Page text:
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Agee v. Colvin

United States District Court, E.D. Kentucky, Central Division, Lexington

September 25, 2014

THOMAS AGEE, PLAINTIFF,
v.
CAROLYN COLVIN, COMMISSIONER OF SOCIETY SECURITY, DEFENDANT

MEMORANDUM OPINION AND ORDER

HENRY R. WILHOIT, Jr., District Judge.

Plaintiff has brought this action pursuant to 42 U.S.C. § 405(g) to challenge a final decision of the Defendant denying Plaintiff's application for disability insurance benefits and supplemental security income benefits. The Court having reviewed the record in this case and the dispositive motions filed by the parties, and being otherwise sufficiently advised, for the reasons set forth herein, finds that the decision of the Administrative Law Judge is supported by substantial evidence and should be affirmed.

I. FACTUAL BACKGROUND AND PROCEDURAL HISTORY

Plaintiff filed his current application for disability insurance benefits and supplemental security income benefits in October of 2010, alleging disability beginning in April 2003. Plaintiff filed a prior set of applications, and an ALJ denied them in February 2005 (Tr. 55-65). The current ALJ declined to reopen these applications and applied res judicata to the period between April 2003 through February 2005 (Tr. 25). Plaintiff has not challenged this determination on appeal. The October 2010 application was denied initially and on reconsideration. On February 27, 2012, an administrative hearing was conducted by Administrative Law Judge Charlie Paul Andrus (hereinafter "ALJ"), wherein Plaintiff, accompanied by counsel, testified. At the hearing, Gina Baldwin, a vocational expert (hereinafter "VE"), also testified.

At the hearing, pursuant to 20 C.F.R. § 416.920, the ALJ performed the following five-step sequential analysis in order to determine whether the Plaintiff was disabled:

Step 1: If the claimant is performing substantial gainful work, he is not disabled.
Step 2: If the claimant is not performing substantial gainful work, his impairment(s) must be severe before he can be found to be disabled based upon the requirements in 20 C.F.R. § 416.920(b).
Step 3: If the claimant is not performing substantial gainful work and has a severe impairment (or impairments) that has lasted or is expected to last for a continuous period of at least twelve months, and his impairments (or impairments) meets or medically equals a listed impairment contained in Appendix 1, Subpart P, Regulation No. 4, the claimant is disabled without further inquiry.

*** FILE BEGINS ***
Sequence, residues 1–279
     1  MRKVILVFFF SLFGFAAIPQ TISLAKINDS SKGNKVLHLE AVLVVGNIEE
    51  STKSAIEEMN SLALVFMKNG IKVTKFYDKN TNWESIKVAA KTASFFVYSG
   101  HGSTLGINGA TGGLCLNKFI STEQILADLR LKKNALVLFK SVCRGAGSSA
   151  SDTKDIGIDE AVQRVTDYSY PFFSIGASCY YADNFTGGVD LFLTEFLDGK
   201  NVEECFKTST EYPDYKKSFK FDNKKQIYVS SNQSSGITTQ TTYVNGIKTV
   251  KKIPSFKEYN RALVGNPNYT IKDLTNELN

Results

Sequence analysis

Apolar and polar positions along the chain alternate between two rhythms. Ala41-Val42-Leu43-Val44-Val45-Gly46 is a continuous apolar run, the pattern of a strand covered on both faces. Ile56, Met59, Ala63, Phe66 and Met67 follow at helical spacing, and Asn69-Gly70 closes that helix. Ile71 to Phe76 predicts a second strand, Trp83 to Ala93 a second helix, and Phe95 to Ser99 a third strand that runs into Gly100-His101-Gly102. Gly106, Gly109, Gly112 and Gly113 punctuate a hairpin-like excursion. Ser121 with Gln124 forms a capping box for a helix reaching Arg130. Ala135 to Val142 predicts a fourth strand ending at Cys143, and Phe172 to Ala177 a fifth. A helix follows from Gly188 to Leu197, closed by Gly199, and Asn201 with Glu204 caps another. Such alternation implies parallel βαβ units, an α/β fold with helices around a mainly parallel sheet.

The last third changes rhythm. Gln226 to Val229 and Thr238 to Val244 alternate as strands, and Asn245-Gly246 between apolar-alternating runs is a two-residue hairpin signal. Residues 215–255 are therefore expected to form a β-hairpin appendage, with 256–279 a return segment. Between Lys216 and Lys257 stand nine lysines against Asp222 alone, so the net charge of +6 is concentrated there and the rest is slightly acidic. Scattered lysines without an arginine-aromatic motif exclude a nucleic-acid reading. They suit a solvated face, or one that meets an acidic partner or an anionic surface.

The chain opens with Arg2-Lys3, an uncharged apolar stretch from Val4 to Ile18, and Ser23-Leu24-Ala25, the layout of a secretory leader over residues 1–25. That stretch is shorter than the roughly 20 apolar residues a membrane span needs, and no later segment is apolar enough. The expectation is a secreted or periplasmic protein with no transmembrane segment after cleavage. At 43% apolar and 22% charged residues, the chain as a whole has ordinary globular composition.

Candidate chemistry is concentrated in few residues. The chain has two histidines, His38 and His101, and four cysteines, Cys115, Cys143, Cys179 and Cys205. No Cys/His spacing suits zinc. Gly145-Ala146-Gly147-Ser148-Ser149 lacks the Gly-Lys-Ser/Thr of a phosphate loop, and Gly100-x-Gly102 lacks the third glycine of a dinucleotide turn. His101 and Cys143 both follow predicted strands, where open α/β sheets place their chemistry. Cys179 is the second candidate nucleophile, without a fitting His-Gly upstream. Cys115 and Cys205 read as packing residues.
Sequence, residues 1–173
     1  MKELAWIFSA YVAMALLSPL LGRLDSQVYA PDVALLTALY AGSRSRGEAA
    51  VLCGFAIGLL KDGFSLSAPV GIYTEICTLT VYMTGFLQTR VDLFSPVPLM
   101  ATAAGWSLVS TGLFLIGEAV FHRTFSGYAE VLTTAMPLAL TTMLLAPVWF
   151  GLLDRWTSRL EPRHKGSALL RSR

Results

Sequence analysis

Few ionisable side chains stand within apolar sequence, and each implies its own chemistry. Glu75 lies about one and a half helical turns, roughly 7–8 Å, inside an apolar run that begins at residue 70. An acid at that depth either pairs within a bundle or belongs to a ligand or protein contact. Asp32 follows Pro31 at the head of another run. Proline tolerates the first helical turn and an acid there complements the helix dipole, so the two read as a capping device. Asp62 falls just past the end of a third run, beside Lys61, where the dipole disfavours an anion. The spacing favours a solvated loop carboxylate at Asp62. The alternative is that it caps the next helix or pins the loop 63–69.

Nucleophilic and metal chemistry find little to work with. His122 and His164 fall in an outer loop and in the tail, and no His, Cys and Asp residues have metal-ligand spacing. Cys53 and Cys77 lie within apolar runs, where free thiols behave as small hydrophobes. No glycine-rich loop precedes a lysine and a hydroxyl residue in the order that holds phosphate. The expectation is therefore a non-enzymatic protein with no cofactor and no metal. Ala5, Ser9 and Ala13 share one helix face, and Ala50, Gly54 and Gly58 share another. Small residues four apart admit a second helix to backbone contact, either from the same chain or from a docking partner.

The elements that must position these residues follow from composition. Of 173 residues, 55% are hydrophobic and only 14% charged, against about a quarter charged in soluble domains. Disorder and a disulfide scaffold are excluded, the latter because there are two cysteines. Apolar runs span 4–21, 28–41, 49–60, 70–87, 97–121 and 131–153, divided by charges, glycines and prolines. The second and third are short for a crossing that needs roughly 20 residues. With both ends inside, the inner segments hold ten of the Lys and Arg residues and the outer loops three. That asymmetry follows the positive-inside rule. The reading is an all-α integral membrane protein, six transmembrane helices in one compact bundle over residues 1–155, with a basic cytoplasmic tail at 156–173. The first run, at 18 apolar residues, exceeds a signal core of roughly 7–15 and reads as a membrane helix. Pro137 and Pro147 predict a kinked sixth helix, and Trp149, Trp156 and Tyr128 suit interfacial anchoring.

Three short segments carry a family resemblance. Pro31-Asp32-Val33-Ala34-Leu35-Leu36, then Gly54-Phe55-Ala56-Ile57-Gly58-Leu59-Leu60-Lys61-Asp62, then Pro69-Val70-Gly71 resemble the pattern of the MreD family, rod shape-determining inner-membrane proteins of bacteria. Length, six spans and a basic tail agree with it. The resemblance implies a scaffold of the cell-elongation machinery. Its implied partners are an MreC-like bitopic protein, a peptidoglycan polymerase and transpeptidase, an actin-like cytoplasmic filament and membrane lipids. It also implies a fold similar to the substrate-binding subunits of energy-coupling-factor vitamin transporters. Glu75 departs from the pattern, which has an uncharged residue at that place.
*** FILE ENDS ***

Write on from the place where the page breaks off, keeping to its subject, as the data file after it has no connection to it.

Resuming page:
Step 4: If the claimant's impairment (or impairments) does not prevent him from doing his past relevant work, he is not disabled.
Step 5: Even if the claimant's impairment or impairments prevent him from performing his past relevant work, if other work exists in significant numbers in the national economy that accommodates his residual functional capacity and vocational factors, he is not disabled.

On March 23, 2012, the ALJ issued his decision finding that Plaintiff was not disabled (Tr. 25-13). Plaintiff was 54 years old at the time of the final decision by the ALJ (Tr. 65). Plaintiff has a high school education (Tr. 101) and past relevant work as a dairy farm worker, fork lift operator, and saw mill supervisor (Tr. 36, 101).

At Step 1 of the sequential analysis, the ALJ found that Plaintiff had not engaged in substantial gainful activity since the alleged onset date of disability (Tr.28).

The ALJ then determined, at Step 2, that Plaintiff suffers from dizzy spells, degenerative changes to the spine, bilateral shoulder pain, depression and anxiety, which he found to be "severe" within the meaning of the Regulations (Tr. 28-29).

At Step 3, the ALJ found that Plaintiff's impairments did not meet or medically equal any of the ...


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